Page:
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May 19, 1983


The opinion of the court was delivered by: LASKER


This is a motion for attorneys' fees under the recently-enacted Equal Access to Justice Act, 28 U.S.C. § 2412 ("EAJA"), which went into effect on October 1, 1981. The EAJA provides, inter alia, that a prevailing party in an action against the United States may recover attorneys' fees unless the position of the government was "substantially justified" or unless the award would be "unjust" due to "special circumstances."

In 1976, the government began an investigation into the payroll tax liabilities of Network Cinema Corporation. Jack Rose, the company's executive vice president for the periods in question, was believed to be "responsible" for the company's payroll tax liabilities under 26 U.S.C. § 6672. Rose appeared at "several district and regional level administrative hearings" in connection with his alleged tax liability. (Affidavit of Jack Rose, P3). At the time, Rose did not have access to the company's records, which were in the hands of the trustee in bankruptcy. However, when the records became available in 1978, Rose sent the government copies of the cancelled checks for the disputed periods, along with an explanation of the accounting system utilized and a schedule specifying which checks were for which periods. (Attached as Exhibit A to Rose Affidavit).

 The government denied Rose's claim for adjustment of assessed penalties, and, in 1979, Rose brought an action for an abatement in the District of New Jersey, Rose v. United States, Civ. No. 79-3595. In May, 1980 the government filed the present action against Rose for collection of the same tax liabilities. *fn1"

 On January 30, 1981, Rose was deposed. At the conclusion of the deposition, the government attorney, Stephen Lyons, "concluded that Mr. Rose was not liable for the taxes in question." (Affidavit of Assistant United States Attorney Stephen Lyons, P6). Immediately after the deposition, Lyons recommended "concession of the New Jersey action based primarily on that deposition," and, a short time later, the United States Attorney for this district was instructed to dismiss the instant action against Rose.

 Rose seeks attorneys' fees under the EAJA. In a prior decision, 549 F. Supp. 830, we ruled that the present action was pending on the effective date of the Act, but that the New Jersey action and the administrative proceedings on that date and, accordingly, that attorneys fees were available under the EAJA only for fees incurred in connection with the present action.

 The government argues that it was "substantially justified" in commencing this action, but that, even if the Court were to rule that the action was not substantially justified, attorneys' fees are available only for work performed subsequent to the effective date of the EAJA. In addition, the government argues that the fees requested are excessive.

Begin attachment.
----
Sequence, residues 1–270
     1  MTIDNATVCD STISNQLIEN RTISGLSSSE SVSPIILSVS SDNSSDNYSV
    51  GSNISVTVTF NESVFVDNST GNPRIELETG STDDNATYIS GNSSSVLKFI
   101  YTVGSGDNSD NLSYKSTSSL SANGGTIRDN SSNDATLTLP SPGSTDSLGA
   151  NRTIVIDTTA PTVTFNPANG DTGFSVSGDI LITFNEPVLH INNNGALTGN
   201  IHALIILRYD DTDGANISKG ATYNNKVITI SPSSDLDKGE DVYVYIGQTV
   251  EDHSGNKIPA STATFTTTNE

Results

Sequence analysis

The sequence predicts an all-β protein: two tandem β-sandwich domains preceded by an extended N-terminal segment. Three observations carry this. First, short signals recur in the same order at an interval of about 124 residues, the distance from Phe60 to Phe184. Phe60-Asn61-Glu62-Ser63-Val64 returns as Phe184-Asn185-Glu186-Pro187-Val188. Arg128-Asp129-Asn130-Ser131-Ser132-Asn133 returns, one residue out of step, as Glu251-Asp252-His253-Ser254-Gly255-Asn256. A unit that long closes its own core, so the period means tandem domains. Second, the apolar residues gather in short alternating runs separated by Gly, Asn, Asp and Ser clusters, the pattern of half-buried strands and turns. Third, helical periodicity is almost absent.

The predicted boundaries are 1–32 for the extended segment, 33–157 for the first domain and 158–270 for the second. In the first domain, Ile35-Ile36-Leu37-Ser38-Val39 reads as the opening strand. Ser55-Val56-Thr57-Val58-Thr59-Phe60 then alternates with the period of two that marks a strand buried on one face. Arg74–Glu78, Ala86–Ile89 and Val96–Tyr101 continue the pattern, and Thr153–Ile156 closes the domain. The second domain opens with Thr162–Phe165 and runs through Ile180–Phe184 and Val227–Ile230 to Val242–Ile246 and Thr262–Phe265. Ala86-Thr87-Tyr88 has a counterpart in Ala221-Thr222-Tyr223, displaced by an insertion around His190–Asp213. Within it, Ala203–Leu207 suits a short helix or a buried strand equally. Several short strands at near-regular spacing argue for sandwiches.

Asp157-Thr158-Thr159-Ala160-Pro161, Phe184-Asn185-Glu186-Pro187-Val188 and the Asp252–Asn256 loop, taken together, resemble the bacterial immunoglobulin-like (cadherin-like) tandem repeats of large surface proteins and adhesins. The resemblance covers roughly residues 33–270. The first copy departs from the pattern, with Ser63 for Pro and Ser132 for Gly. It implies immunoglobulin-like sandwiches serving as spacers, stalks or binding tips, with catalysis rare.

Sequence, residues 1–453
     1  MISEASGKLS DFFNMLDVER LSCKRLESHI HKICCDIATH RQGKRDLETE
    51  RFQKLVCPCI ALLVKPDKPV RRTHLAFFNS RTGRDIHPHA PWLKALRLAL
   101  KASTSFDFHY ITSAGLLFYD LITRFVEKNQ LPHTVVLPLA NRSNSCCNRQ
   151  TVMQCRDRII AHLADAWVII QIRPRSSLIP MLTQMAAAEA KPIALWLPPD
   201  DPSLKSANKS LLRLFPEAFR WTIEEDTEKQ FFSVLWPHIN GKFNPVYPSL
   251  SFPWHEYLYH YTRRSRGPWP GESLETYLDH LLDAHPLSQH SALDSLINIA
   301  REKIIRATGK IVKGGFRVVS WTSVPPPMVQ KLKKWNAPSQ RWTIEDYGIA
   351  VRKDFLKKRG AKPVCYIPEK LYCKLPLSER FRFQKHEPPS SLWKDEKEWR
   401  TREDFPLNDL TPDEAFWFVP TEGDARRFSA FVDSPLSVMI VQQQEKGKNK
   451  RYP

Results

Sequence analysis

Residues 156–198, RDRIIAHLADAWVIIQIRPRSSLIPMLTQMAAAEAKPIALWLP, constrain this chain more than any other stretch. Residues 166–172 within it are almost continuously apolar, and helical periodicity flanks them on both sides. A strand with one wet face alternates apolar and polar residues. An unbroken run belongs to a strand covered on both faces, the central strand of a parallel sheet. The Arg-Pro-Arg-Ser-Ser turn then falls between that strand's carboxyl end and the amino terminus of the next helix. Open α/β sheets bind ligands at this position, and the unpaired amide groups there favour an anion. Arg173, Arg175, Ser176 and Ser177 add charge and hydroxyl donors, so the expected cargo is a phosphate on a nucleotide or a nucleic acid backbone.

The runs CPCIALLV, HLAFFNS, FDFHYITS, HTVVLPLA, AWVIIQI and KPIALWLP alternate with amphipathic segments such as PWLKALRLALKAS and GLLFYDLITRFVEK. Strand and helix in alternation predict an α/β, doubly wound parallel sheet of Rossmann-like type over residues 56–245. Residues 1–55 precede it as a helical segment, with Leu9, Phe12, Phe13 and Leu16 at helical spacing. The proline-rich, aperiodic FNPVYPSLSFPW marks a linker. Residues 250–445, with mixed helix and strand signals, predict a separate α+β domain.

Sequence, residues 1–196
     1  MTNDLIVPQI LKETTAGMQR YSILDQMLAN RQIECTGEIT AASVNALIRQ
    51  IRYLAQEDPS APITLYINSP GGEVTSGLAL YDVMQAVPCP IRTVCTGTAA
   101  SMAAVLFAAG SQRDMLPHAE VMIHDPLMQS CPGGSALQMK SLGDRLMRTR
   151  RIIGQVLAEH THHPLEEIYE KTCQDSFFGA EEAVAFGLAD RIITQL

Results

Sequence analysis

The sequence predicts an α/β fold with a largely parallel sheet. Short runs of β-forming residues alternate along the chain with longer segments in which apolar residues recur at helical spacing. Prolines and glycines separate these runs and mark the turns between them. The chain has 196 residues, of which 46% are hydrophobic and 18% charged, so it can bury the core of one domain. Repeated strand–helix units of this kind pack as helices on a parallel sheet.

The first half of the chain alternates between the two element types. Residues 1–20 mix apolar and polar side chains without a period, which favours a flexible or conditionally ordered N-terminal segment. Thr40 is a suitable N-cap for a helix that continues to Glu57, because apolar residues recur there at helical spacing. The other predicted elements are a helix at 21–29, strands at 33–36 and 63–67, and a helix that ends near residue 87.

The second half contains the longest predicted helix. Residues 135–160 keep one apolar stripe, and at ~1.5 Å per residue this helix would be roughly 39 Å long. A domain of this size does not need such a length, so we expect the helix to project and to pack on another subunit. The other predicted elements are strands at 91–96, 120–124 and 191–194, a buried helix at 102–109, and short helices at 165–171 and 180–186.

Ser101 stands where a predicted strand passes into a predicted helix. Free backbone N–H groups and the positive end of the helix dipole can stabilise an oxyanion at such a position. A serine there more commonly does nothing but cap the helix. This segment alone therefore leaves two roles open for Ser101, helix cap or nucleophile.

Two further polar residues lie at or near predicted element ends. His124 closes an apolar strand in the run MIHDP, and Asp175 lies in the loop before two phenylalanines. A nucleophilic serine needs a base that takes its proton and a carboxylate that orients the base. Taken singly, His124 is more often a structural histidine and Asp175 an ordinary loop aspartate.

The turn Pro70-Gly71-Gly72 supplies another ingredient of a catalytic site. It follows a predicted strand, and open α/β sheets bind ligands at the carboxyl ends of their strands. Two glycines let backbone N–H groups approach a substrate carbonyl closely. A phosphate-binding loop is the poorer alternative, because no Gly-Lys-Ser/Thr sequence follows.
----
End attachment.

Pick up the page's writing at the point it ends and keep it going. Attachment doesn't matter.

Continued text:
Rose responds: that the government had no basis for bringing the action; that if a suit is pending on the effective date of the EAJA, all fees incurred in connection with the action are compensable; and that the fees requested are reasonable.

 As indicated above, the EAJA provides for an award of attorneys' fees to a party prevailing against the government "unless the court finds that the position of the United States was substantially justified or that special circumstances make an award unjust." 28 U.S.C. § 2412(d)(1)(A).The government has the burden of establishing that its position was substantially justified. S & H Riggers & Erectors, Inc. v. Occupational Safety & Health Commission, 672 F.2d 426, 430 (5th Cir. 1982). The test of whether the government's position was substantially justified is "essentially one of reasonableness." S & H Riggers, supra, at 430, quoting H.R. Rep. No. 1418, 96th Cong., 2d Sess. 11 (1980), reprinted in 1980 U.S. Code Cong. & Ad. News 4989.

 According to the government attorney responsible for the action, the government decided to dismiss its entire claim against Rose at the conclusion of his deposition. Rose asserts that everything he said at the deposition he had repeatedly told the government prior to their institution of the action. (Rose Affidavit P5).There had been several administrative hearings, and, moreover, the government had had copies of the cancelled checks since 1978.

 The government does not deny that the administrative hearings took place and that, at the hearings, Rose presented all of the same facts that he set forth at the deposition. The government's response is that the deposition "revealed certain matters that were not available in the administrative file" and also gave the Assistant United States Attorney an opportunity to "observe the demeanor of Mr. Rose." (Lyons Affidavit, P6).

 The government does not assert that it learned any new facts at the deposition. It asserts only that certain facts "were not available in the administrative file." (Lyons Affidavit, P6). Whatever that may mean, it does not appear to be attributable to Rose, and, whether it refers to an inadequacy in the administrative filing system or some other recordkeeping problem, it does not constitute "substantial justification."

 As to the government's contention that the deposition afforded an occasion to observe Rose's demeanor, the government had ample opportunity to observe him at the various administrative hearings held prior to the filing of the complaint, and the observation at the deposition would seem to have been of marginal significance.

 Accordingly, we conclude that the government has not carried its burden of demonstrating that it was substantially justified ...

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